Photo by Michael Sharkey for the Observer.

Having a voice is power. So what happens when you can’t get heard at work? When people talk over you in meetings? When men get actionable feedback and women don’t?

In this episode, I talk with Thomas Page McBee, the first transgender man to box in Madison Square Garden and the author of the moving new memoir Amateur: A True Story About What Makes a Man.

It’s a conversation that starts with the voice. And what happened when Thomas’ voice changed. How people suddenly listened to him in meetings. How it became easier to get a promotion. Easier to get a raise. Easier to command a room.

Jumping off from there, Thomas and I talk about the implicit gender biases that we act out at work, how you can create more balanced power dynamics, and why what irritates us most about others offers us a unique window into our “shadow self.”

Key takeaways from our conversation:

  • Understanding the implicit gender biases we have at work, and how can we push back on them
  • How to balance the power dynamics of work meetings to create a safe space for everyone to speak up
  • Why asking for help, being vulnerable, and bringing up questions are viewed as “feminine” activities that men should avoid
  • A revealing difference between how Americans and Scandinavians think about masculinity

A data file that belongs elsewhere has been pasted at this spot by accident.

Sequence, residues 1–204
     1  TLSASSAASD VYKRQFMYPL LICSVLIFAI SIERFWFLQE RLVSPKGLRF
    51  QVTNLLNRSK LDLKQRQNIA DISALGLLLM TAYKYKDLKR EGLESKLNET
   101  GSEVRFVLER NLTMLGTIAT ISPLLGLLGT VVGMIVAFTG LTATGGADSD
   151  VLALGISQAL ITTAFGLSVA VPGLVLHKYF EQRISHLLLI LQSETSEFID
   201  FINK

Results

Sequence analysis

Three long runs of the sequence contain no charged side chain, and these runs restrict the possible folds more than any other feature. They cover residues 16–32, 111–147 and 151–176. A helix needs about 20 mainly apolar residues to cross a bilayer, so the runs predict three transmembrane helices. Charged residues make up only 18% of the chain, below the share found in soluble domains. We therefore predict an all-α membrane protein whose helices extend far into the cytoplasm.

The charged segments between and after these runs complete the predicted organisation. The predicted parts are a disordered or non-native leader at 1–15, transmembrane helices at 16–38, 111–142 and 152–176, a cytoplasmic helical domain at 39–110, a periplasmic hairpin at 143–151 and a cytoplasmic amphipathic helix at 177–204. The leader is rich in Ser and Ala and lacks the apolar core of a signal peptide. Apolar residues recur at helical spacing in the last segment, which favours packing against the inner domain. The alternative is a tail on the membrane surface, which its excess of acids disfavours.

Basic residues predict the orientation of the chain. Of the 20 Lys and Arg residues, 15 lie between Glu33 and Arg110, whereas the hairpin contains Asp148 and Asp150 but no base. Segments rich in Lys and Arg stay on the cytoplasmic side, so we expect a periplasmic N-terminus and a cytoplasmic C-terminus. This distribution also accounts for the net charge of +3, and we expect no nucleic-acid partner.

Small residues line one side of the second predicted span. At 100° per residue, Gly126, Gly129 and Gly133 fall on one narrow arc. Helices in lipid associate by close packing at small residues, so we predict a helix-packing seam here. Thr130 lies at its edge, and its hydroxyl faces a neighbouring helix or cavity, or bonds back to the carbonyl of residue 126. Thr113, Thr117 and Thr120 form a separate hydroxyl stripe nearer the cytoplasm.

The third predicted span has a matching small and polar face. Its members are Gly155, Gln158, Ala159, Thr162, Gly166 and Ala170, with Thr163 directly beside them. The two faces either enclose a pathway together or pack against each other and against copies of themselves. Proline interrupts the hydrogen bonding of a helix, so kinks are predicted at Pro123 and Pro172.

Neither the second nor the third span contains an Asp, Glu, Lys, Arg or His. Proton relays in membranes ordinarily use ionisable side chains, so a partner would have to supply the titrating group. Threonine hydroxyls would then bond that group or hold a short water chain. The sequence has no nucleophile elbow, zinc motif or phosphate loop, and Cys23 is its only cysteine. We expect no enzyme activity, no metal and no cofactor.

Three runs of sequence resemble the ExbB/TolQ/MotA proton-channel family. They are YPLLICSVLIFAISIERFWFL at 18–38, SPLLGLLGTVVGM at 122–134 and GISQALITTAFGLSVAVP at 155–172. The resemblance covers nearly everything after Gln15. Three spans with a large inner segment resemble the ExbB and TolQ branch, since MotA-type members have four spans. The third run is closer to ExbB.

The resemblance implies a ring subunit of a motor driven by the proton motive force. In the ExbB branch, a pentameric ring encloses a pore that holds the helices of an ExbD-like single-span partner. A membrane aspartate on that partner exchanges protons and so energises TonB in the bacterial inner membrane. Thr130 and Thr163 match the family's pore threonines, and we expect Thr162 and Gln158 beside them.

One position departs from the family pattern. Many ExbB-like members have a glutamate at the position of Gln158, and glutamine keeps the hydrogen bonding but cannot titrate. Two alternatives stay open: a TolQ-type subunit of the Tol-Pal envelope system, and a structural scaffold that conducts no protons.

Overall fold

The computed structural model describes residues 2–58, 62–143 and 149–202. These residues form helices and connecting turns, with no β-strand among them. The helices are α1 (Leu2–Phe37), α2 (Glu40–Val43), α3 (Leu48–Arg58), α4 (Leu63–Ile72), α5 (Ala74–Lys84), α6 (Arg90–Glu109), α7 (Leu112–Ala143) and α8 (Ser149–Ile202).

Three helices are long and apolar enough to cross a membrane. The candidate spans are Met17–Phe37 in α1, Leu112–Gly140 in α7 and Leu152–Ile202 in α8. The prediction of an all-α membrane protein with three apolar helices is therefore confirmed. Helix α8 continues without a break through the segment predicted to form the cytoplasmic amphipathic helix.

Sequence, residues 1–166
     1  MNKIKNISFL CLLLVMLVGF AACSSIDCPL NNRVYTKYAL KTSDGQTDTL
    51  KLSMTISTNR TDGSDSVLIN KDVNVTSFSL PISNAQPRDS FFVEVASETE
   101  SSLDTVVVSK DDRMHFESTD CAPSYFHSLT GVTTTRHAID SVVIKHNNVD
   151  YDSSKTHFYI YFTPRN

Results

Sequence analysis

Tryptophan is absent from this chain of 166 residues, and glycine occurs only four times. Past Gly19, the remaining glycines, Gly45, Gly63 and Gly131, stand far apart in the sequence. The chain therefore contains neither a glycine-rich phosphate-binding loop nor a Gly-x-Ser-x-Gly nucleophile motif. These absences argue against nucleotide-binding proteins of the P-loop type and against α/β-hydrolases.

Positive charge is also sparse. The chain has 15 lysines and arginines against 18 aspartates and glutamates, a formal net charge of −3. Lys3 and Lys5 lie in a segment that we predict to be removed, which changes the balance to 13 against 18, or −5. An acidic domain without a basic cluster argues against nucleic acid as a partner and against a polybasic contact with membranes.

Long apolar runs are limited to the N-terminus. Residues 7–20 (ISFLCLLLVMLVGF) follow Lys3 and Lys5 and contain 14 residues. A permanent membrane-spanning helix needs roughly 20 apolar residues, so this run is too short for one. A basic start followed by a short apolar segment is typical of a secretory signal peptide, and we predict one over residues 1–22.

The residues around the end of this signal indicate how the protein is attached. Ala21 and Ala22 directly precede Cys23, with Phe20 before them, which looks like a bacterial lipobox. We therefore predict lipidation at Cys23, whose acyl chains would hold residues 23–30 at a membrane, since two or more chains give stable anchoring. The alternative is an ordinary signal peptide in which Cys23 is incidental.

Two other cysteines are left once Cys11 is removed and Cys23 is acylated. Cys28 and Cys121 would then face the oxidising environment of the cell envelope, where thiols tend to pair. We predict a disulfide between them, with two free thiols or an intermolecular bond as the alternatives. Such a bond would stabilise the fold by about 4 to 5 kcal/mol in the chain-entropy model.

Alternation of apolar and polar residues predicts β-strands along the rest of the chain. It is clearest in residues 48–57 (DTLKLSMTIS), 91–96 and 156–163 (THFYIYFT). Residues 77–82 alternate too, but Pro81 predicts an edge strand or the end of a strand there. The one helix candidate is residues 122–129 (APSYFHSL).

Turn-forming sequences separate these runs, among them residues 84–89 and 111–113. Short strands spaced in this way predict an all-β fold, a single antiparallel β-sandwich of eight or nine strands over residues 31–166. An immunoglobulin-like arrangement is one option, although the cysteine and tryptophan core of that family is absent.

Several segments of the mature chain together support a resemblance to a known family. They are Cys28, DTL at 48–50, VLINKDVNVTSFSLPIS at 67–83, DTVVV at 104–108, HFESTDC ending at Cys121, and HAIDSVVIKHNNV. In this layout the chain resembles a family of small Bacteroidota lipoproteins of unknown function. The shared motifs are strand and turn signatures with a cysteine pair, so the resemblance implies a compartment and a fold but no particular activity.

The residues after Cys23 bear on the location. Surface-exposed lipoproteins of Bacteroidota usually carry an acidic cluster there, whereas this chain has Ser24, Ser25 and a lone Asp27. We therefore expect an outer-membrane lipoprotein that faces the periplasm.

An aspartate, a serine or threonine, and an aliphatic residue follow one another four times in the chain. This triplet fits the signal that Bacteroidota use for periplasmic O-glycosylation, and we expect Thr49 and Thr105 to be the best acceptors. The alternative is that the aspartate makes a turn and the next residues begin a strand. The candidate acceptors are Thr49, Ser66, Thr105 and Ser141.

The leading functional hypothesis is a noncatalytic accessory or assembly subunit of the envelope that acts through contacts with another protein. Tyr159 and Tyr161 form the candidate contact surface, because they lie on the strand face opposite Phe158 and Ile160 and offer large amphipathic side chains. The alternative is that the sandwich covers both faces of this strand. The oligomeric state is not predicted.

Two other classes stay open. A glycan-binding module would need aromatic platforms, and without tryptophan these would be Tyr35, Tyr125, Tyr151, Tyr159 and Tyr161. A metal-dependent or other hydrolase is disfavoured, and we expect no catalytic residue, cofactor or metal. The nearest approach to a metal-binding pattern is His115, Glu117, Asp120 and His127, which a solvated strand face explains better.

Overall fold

• Why you should confront your biases and your “shadow self”

Go Deeper

RESET, a cosmic tune-up for your workday. RESET is a new course from Hurry Slowly host Jocelyn K. Glei that shows you how to take a “heart-centered” approach to productivity that’s intentional, energizing, and inspiring. Watch the 30-second trailer at

Get Jocelyn’s brainwaves in your inbox. If you like Hurry Slowly, you’ll love this twice-monthly email highlighting new ideas about how to be more creative, productive, and resilient. Sign up at

Favorite Quotes

“I started testosterone and six months later I had enough physical changes that people started treating me differently. Suddenly, it was much easier to get a raise. I didn’t really have to ask. I got promoted very quickly and I could see that, compared to the women around me, I was experiencing a different kind of privilege.”

“In performance reviews with men, we’re much more likely to use very concrete feedback, which obviously leads to actionable change. With women, the feedback is much more vague which means you don’t know what you need to improve, and how do you then become better at your job and get promoted, earn more money, etc?”

“I think the older we get, and especially for men, you’re not supposed to have questions. You’re supposed to just have answers.”


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A cheat sheet to the ideas and research that come up in our conversation:

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